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Thanks very much! We'll focus only on the business at hand. I wasn't sure. And don't have a current version - the old version wasn't clear.

There is no difference between the 10th and 11th editions in this regard. Both make it quite clear that only business mentioned in the call of a special meeting can be transacted at such a meeting.

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There is no difference between the 10th and 11th editions in this regard. Both make it quite clear that only business mentioned in the call of a special meeting can be transacted at such a meeting.

But, if the reading and approval of the annual meeting minutes had been listed in the call to the special meeting, their amendment and adoption would not be out of order, correct?

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But, if the reading and approval of the annual meeting minutes had been listed in the call to the special meeting, their amendment and adoption approval would not be out of order, correct?

I believe I have seen that opined on this forum previously, although it isn't the preferred method of approving the annual minutes, as noted earier.

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Guest J Woods

You really don't want to know. . . How about a 1971 version?

I should have asked you guys for advice BEFORE I put my special mtg notice out, and I would have included the review of minutes. That would have been much better. Now we'll approve both at our annual meeting. Live and Learn.

Guess it's time I get a new book if I'm going to get involved in this stuff again.

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You really don't want to know. . . How about a 1971 version?

I should have asked you guys for advice BEFORE I put my special mtg notice out, and I would have included the review of minutes. That would have been much better. Now we'll approve both at our annual meeting. Live and Learn.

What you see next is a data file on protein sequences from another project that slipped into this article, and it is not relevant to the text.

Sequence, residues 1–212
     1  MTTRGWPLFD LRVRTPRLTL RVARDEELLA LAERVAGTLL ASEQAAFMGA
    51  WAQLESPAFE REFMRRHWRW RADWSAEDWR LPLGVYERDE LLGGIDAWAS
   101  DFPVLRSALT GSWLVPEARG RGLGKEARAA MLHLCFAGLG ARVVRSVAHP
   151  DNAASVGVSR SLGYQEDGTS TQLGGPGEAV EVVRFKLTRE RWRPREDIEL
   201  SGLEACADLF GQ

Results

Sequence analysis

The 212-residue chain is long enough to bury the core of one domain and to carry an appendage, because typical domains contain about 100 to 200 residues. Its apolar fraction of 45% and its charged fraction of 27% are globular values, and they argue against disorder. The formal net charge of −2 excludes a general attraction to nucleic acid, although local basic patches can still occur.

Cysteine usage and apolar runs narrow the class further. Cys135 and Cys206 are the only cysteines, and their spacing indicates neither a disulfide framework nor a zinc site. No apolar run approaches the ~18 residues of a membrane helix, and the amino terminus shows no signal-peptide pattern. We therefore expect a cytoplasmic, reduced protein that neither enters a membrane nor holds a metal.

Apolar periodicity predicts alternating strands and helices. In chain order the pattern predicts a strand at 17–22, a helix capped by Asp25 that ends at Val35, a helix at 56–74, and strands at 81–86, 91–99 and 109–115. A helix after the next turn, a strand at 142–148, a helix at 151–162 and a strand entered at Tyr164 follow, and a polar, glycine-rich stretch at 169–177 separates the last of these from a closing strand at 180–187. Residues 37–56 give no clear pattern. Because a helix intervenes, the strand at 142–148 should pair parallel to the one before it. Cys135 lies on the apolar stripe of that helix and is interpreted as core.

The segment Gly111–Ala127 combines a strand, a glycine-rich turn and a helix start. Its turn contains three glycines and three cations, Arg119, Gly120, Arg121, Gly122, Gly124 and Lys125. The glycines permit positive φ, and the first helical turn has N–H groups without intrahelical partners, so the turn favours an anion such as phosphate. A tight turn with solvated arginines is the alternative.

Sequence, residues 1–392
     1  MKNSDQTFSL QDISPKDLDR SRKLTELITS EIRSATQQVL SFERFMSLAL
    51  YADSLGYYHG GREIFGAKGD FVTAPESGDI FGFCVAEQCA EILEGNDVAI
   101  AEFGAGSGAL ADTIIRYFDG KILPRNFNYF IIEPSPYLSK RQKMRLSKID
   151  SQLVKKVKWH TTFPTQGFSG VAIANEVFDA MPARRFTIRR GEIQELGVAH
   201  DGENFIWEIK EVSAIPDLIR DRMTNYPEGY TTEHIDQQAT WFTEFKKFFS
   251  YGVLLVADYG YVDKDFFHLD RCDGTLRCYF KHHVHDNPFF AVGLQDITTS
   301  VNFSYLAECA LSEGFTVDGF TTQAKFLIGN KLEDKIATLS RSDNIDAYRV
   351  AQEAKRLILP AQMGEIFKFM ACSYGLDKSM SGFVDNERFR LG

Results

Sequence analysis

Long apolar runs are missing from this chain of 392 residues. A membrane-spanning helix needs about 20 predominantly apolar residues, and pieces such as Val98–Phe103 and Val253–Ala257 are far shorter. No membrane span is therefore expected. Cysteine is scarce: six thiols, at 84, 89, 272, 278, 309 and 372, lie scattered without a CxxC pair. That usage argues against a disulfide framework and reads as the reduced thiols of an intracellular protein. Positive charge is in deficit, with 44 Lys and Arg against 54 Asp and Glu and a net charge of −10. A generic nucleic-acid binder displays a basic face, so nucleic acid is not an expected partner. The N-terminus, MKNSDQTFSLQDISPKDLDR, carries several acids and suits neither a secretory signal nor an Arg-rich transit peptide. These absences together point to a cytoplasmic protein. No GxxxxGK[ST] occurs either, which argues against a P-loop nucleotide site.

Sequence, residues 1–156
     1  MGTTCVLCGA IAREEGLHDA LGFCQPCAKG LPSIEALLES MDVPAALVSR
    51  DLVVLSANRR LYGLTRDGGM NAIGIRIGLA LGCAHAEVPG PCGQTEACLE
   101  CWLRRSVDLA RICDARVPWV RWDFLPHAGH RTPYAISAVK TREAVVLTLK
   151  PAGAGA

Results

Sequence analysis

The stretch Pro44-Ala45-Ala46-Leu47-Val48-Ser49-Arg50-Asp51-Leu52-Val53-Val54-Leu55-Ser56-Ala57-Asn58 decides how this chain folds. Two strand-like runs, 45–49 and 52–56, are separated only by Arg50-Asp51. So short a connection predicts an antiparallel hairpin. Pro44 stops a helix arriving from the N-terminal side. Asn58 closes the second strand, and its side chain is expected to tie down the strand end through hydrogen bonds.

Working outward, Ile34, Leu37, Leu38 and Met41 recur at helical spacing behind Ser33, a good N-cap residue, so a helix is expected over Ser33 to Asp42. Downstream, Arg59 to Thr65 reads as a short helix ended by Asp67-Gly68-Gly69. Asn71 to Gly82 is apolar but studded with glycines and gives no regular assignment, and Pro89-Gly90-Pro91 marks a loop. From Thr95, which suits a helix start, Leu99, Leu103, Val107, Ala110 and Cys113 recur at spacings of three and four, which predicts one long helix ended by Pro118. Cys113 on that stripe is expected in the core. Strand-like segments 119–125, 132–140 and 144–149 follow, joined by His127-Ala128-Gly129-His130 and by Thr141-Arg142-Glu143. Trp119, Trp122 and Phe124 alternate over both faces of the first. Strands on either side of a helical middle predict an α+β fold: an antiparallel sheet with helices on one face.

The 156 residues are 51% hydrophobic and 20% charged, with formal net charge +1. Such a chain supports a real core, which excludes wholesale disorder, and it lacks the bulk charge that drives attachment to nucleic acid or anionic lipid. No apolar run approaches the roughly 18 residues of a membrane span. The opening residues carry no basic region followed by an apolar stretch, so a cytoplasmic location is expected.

Guess it's time I get a new book if I'm going to get involved in this stuff again.

If you think you need a "refresher course", you might also consider spending a few more bucks to get RONR - In Brief as well. It's a fairly quick and easy read, and will clear a lot of the cobwebs out before you go diving into the Big Book. Just be sure to get the 2nd Edition, fully updated and in sync with RONR 11.

Edited by David A Foulkes

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You really don't want to know. . . How about a 1971 version?

No edition of RONR was published in 1971. The 7th edition was published in 1970 and the 8th edition was published in 1981. It seems likely that your version is not just outdated, but that it was not an official edition of RONR to begin with. Such third-party knockoffs often use the 4th edition (1915) as a base, since that text is now in the public domain So it may be much worse than you think. :)

I should have asked you guys for advice BEFORE I put my special mtg notice out, and I would have included the review of minutes. That would have been much better. Now we'll approve both at our annual meeting. Live and Learn.

Well, what you should do in the future, if the general membership only meets annually (not counting special meetings) is to authorize the board or a committee to approve the minutes of the annual meeting. This is a good practice for the special meetings as well if the annual meeting is not within a quarterly interval.

Edited by Josh Martin